Yes. You read that correctly: Stop responding with thankfulness.


Responding with thankfulness isn’t sustainable.


Are you shocked I’m saying this?

Just wait for a second and hear me out…

Sometimes it’s hard to be thankful.

When thankfulness is most needed, it may be the hardest to wrangle, grab, find…

Yes. We need the benefits of thankfulness (physical, mental and spiritual), but when life is hard…

when tragedy interrupts the flow of our wonderful existence,

when even the basics are scarce,

when stuff isn’t going to get better… or at least it seems that way,

being thankful, and brimming with gratitude is still important in our life.

Ah, yes. (insert big sigh here)

So, did you catch it yet?

The key word in this whole article is “respond“.

Don’t respond with thankfulness – rather, make thankfulness a Discipline.

That’s “discipline” with a capital D.

  • Discipline: the controlled behavior.
  • plus Discipline: activity or experience that provides mental or physical training.
  • and finally, Discipline: a branch of knowledge.

The Discipline of Thankfulness will get you through the really sucky, hard, unimaginable quagmire – and reap the benefits of gratitude – when it’s really hard to find anything to express gratitude over or about. Sometimes we treat gratitude like a flighty, flitty, “woo-woo” option…. It’s not. It can be as important as taking your vitamins and letting sunshine soak into your skin.


Have the benefits of thankfulness – make it a Discipline.

But how?

What if you’re not in a time of plenty, fulfilled expectations, pleasant outcomes, good prognosis, a time of dreams coming true, and roses and champagne? What in the world is there to feel gratitude for if this is not a good time?


I’m the first who goes with the “I’ll do it when I feel like it!” response to some things. (Just ask Rob.)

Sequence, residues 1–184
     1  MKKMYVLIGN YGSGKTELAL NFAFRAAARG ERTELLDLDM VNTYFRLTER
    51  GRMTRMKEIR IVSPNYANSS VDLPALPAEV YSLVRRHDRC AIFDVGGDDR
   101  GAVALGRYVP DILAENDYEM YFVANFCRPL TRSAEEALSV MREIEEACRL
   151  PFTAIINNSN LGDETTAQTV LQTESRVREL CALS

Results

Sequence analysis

But I am learning, slowly, the value of consistency. Of being deliberate despite not feeling like it…

Of systems. (Oh, that’s a buzzword from our son.)

Routines. (Bleeeeeech Yuck! Phooey!)

Habits. (positive ones)

Let’s call it Discipline.

(self-control, maybe?)

3 ways to make Gratitude a Discipline

Before your feet hit the floor in the morning say – out loud – one thing you appreciate. Shout it, whisper it, – doesn’t matter. For example, I have a cold. I feel like gloppy, congealed oatmeal. But this morning I had to catch a snotty sneeze when I woke, and there was a tissue box beside my bed. I was really thankful for that tissue at that moment.

Don’t ask for anything in prayer to God before you express your thankfulness for something, no matter how small. Be disciplined about it.

Make a physical list. Grab a piece of paper and pen and don’t go to sleep without writing down one thing you’re thankful for from your day. Not on your phone – use your physical hand, writing with a physical tool, on a real piece of paper. Make it permanent. It doesn’t need to be pretty, or enjoyable. (But it could be.) Because the Discipline of being Thankful will pull you through every day – not just the good ones.

You’ll reap the reward of your Discipline:

you’ll sleep better,

you’ll have greater mental strength,

your relationships will be more healthy,

you’ll be less angry, and depressed,

and increase your sense of well-being.

Here are 5 positive things you’ll learn by putting the Discipline of Gratitude into action.

Yes. Even in rotten times.


We like people who express their gratitude.

We like thankful people – generally, they’re the first to notice the positive little things even in the worst times.

Let’s become one of those thankful people as a gift to ourselves and others.

Make gratitude a Discipline. Not a response.

If you’d like to print at home and use these images for your personal crafting – click HERE

And if you don’t have a printer but still want the image of the mug to use as a sticker, I’ve created that option on RedBubble – it’s a site where images are printed on products. I’m having fun adding my crafting digitals to that platform – take a look and see what’s there – I’ll add more and more as inspiration sparks.

Here’s the link to all the images on RedBubble